At Customer Relationship Management or customer engagement management (commonly known as CRM), companies focus on their customers and the processes and relationships associated with them.
Basis of Customer Relationship Management
Customer relationship management relies on extensive customer data, obtained, for example, through personal conversations, sweepstakes, customer cards, or orders. The data is recorded in databases and can be retrieved and evaluated. Along with personal data such as address or date of birth, here are examples of other data that can be compiled:
- Additional family members
- Personal preferences
- Preferred product categories for purchase
- Complaints made before
- Contact and purchase history
- Level of studies
- Social conditions
- Hobbies, political attitudes, clubs, or drinking habits
Depending on the context, this data can be used to respond more precisely to the wishes and needs of customers. Many the more data is available, the greater the possibilities for analytical evaluation and the more useful the data will be for the employer.
In order to put customer relationship management into practice in the best possible way, you need CRM software. It consists of a database application that allows access to stored data, as well as its collection and maintenance. CRM software is many times integrated into ERP software, so purchase histories are available daily in the CRM. At the same time, redundant data storage in two databases can be avoided.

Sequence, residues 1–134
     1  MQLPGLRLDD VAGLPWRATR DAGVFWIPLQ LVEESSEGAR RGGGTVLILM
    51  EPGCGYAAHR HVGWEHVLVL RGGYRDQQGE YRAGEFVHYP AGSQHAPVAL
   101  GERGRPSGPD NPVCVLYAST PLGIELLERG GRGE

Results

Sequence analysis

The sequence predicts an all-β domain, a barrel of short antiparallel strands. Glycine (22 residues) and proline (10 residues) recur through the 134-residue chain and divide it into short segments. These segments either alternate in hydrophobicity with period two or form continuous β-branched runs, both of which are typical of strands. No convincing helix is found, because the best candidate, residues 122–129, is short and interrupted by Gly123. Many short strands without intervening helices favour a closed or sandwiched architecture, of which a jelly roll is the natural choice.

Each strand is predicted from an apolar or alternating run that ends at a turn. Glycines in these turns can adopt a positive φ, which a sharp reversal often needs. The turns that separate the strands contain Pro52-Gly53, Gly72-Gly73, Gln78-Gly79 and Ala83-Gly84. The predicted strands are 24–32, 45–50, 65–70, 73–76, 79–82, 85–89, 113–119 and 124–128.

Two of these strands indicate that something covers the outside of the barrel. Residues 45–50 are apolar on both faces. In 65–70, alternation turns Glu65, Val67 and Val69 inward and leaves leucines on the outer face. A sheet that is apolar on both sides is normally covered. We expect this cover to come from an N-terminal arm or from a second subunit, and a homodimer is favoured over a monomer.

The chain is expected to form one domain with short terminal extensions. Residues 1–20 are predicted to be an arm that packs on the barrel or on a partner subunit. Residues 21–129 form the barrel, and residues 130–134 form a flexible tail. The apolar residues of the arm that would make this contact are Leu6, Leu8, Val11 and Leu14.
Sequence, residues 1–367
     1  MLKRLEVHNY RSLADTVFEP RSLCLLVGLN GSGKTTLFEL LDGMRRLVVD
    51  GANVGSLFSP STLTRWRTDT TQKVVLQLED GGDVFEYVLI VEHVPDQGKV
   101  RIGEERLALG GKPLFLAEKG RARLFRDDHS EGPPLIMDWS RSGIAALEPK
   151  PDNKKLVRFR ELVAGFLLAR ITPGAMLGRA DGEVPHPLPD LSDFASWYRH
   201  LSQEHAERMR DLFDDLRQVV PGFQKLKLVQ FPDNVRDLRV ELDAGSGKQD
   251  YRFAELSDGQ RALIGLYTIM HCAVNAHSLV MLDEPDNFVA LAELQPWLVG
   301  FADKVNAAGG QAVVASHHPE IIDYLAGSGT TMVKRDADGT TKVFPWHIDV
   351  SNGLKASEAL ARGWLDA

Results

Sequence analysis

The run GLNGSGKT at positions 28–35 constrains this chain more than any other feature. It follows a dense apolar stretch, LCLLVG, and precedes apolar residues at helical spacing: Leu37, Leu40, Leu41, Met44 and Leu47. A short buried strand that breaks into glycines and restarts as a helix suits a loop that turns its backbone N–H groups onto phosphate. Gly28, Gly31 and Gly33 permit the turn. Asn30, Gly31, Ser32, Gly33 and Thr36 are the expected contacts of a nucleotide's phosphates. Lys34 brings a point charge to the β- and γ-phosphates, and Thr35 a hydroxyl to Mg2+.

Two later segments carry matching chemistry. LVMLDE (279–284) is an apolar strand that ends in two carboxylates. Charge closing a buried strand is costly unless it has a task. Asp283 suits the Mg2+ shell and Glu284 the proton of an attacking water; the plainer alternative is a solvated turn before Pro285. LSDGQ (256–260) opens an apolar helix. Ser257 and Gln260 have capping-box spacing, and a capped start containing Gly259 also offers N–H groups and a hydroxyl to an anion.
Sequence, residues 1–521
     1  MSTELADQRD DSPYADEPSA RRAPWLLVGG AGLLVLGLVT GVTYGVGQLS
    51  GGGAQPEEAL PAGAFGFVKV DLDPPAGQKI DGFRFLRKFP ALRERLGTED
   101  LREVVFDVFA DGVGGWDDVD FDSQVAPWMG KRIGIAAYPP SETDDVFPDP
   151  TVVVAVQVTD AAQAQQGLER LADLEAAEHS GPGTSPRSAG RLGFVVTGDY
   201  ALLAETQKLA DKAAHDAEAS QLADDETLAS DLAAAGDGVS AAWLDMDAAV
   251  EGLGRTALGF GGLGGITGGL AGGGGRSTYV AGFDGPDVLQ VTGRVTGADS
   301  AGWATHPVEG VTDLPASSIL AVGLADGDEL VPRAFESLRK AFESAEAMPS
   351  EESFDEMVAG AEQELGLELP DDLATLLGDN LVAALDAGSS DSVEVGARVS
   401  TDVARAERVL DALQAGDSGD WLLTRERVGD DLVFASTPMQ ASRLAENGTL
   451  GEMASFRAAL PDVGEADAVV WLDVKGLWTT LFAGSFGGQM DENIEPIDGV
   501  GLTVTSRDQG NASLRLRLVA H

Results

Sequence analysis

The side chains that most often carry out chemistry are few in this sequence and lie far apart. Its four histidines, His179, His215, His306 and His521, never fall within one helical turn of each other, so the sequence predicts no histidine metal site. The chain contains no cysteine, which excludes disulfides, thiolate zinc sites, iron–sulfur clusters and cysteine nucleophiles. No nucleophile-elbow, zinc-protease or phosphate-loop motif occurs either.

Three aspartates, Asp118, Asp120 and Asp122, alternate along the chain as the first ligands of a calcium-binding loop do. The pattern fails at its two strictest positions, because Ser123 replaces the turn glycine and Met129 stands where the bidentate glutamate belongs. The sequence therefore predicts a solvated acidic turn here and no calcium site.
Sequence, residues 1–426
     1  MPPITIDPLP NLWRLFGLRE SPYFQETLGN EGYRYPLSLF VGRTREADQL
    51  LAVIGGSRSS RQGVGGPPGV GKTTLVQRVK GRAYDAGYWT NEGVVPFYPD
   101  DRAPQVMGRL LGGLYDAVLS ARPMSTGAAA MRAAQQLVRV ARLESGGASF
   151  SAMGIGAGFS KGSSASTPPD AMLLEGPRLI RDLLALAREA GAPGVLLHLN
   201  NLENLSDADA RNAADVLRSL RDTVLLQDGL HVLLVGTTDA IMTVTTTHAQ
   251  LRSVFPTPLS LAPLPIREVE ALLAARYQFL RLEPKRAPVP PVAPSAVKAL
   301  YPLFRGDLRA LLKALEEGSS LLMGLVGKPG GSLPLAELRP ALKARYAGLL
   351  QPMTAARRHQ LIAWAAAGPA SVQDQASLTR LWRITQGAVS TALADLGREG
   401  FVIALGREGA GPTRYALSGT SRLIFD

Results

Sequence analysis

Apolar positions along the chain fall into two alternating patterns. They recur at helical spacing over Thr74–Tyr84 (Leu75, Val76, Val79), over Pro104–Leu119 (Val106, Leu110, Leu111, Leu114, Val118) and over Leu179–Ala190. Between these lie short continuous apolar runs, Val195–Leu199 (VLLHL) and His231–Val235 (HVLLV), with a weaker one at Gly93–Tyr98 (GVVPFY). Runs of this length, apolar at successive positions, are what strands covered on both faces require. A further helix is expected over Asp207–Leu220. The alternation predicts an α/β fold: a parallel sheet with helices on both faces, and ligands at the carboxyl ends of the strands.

Advantages of CRM
An important advantage of a CRM system is that all workers have access to the same information. Using the contact history, a worker will be able to see what a client had previously agreed with another employee weeks or months before. Individual and tailor-made offers can be presented to the customer on the basis of purchasing behavior and customer preferences. Emails and offers can be more personalized, increasing your chances of success and potentially increasing your conversion rate.
Risks of CRMs
In addition, there are risks associated with managing customer relationships. Much attention must be paid to data protection issues. Since CRM systems collect a large amount of personal data from people who are normally only partially aware of it, the entrepreneur is responsible for avoiding the misuse of the data. The intention of introducing a CRM with customers is also risky with respect to the prospects for success. Almost one in two introductions fail due to multiple problems, such as resistance from the workforce, lack of cooperation from management, or underestimation of the volume of data.
The Social CRM It is an extension of the classic CRM for communication channels on the Internet, such as Facebook. The objective is to respond even more quickly to the needs, wishes and suggestions of customers who communicate through social networks. At the same time, these channels can be used to compile additional customer data, such as photos, information, and responses to company messages.
The CRM mobile device It is also a special form of customer relationship management, in which the focus is on the mobile device Internet. For example, it allows workers in sales and distribution departments to enter customer data so they can access it on the go.